Bloomberg News

Korean Won Drops as Europe’s Debt Crisis Dims Export Outlook

January 03, 2012

Jan. 2 (Bloomberg) -- South Korea’s won declined on concern Europe’s debt crisis will weigh on the Asian nation’s overseas sales. Government bonds retreated.

Export growth will probably slow to 6.7 percent this year, compared with 19.6 percent in 2011, the Ministry of Knowledge Economy said yesterday. Finance Minister Bahk Jae Wan said in a statement today that the economic outlook will be more uncertain and difficult in 2012 and called for a strengthening of contingency plans to prevent contagion from the European crisis.

“Investors are demanding dollars as they are wary of the ongoing European debt crisis,” said Ha Jun Woo, a Seoul-based currency dealer at Daegu Bank in Seoul. “Contrary to the beginning of last year, we don’t see many investors betting the won will strengthen.”

The won declined 0.3 percent to 1,155.86 per dollar from Dec. 29, according to data compiled by Bloomberg. Local financial markets were closed on Dec. 30. The currency, which weakened 2.2 percent last year, may drop 1.2 percent to 1,170 per dollar by the end of March, according to the median forecast in a Bloomberg News survey.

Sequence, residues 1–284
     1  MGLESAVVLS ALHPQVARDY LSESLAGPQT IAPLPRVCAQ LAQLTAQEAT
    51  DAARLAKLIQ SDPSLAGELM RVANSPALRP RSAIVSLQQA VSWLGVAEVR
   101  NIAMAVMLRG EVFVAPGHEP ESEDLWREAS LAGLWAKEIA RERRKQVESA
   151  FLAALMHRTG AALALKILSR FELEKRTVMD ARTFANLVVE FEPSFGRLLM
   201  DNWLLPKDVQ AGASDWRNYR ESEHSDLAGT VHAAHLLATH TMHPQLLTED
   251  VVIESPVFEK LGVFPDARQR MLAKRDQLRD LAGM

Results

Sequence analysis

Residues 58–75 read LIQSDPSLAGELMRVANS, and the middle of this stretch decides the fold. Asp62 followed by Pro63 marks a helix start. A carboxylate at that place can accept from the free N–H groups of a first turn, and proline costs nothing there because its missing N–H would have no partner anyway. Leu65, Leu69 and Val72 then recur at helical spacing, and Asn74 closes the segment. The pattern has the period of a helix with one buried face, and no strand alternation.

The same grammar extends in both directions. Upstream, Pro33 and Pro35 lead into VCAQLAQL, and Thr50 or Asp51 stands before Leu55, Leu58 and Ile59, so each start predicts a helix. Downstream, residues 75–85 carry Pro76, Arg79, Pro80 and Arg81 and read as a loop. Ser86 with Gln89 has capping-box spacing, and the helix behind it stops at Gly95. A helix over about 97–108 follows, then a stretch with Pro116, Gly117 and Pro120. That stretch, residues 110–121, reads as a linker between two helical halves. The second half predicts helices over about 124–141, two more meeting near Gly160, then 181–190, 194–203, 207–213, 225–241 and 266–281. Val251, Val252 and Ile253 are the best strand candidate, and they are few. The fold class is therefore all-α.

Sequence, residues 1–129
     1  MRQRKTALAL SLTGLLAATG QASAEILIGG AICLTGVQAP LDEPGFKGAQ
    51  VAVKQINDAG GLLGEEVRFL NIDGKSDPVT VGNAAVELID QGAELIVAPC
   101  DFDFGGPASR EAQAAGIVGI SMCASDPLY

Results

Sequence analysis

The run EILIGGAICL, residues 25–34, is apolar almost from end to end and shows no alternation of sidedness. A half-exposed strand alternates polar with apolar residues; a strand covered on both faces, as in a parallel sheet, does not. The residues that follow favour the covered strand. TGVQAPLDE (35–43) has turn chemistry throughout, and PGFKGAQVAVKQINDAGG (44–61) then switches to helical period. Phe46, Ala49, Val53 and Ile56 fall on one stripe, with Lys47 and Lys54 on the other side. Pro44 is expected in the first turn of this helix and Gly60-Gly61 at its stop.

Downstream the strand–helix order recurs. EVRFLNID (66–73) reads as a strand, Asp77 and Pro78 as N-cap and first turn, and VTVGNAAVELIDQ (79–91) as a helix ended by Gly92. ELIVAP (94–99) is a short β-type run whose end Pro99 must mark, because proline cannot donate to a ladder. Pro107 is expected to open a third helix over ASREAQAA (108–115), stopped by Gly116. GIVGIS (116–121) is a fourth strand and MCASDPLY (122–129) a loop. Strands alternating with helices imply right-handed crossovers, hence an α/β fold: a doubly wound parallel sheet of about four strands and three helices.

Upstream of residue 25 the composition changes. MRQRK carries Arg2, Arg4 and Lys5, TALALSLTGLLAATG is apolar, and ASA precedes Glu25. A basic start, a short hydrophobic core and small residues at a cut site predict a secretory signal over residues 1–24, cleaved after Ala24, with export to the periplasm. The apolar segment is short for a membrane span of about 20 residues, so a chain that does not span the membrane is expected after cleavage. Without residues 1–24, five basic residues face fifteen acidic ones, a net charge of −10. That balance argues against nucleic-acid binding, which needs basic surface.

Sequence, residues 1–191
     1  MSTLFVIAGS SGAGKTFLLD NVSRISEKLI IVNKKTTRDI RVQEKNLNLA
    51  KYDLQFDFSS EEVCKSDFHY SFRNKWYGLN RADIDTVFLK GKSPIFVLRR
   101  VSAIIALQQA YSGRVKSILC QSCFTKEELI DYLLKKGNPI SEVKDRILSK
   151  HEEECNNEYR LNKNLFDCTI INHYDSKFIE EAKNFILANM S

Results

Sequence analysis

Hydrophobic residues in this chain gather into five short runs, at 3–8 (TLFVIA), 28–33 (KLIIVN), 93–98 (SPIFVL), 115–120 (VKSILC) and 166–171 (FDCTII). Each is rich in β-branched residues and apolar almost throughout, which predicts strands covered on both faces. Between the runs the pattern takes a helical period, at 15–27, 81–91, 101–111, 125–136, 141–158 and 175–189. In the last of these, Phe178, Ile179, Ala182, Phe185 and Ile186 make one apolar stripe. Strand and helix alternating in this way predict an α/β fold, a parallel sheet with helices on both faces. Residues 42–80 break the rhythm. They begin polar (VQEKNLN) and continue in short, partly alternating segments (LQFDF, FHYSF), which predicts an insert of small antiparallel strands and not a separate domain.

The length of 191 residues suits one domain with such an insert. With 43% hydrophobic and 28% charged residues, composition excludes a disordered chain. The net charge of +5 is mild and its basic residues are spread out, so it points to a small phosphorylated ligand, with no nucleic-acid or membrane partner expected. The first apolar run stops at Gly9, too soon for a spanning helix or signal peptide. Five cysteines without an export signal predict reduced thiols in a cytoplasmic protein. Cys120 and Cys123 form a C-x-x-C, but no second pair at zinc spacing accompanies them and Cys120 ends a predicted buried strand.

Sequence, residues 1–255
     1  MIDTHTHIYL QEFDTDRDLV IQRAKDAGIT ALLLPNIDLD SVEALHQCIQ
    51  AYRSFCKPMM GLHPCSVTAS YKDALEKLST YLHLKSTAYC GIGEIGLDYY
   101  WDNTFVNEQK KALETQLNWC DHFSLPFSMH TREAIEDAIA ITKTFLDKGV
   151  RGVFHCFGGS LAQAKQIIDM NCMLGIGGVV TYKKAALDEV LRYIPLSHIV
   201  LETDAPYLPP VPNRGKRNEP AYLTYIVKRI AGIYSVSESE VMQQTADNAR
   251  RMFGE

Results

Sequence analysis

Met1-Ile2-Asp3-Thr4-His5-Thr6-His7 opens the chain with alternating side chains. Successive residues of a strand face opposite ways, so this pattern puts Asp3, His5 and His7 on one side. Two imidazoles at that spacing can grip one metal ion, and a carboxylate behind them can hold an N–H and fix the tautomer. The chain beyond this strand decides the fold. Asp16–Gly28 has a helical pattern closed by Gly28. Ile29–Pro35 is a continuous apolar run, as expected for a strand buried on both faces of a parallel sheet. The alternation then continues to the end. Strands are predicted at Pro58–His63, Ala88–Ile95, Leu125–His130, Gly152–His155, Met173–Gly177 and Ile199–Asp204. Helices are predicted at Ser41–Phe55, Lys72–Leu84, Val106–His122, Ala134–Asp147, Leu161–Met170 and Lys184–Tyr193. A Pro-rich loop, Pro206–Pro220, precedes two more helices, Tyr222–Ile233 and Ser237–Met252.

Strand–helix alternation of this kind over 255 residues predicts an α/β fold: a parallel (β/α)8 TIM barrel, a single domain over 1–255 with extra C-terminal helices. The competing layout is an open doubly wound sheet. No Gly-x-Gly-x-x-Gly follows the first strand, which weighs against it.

South Korea’s consumer prices rose 4.2 percent from a year earlier last month, matching November’s gain, government data showed on Dec. 30. Inflation exceeded all forecasts in a Bloomberg News survey, limiting the scope for an interest-rate cut in January even as threats to growth mount. The median estimate of 12 analysts was 4 percent.

Spain’s new government said on Dec. 30 that its budget deficit for 2011 would reach 8 percent of output, more than the 6 percent target set by the former administration and the 6.9 percent forecast by economists surveyed by Bloomberg. Some 157 billion euros ($203 billion) of euro-area debt is due in the first three months of 2012, according to UBS AG.

The yield on the 3.5 percent bonds due September 2016 climbed three basis points, or 0.03 percentage point, to 3.47 percent, according to Korea Exchange Inc. prices. Benchmark five-year rates dropped 62 basis points in 2011, the second year of declines, according to data compiled by Bloomberg.

--Editors: Andrew Janes, Ven Ram

To contact the reporter on this story: Jiyeun Lee in Seoul at jlee1029@bloomberg.net

To contact the editor responsible for this story: Sandy Hendry at shendry@bloomberg.net


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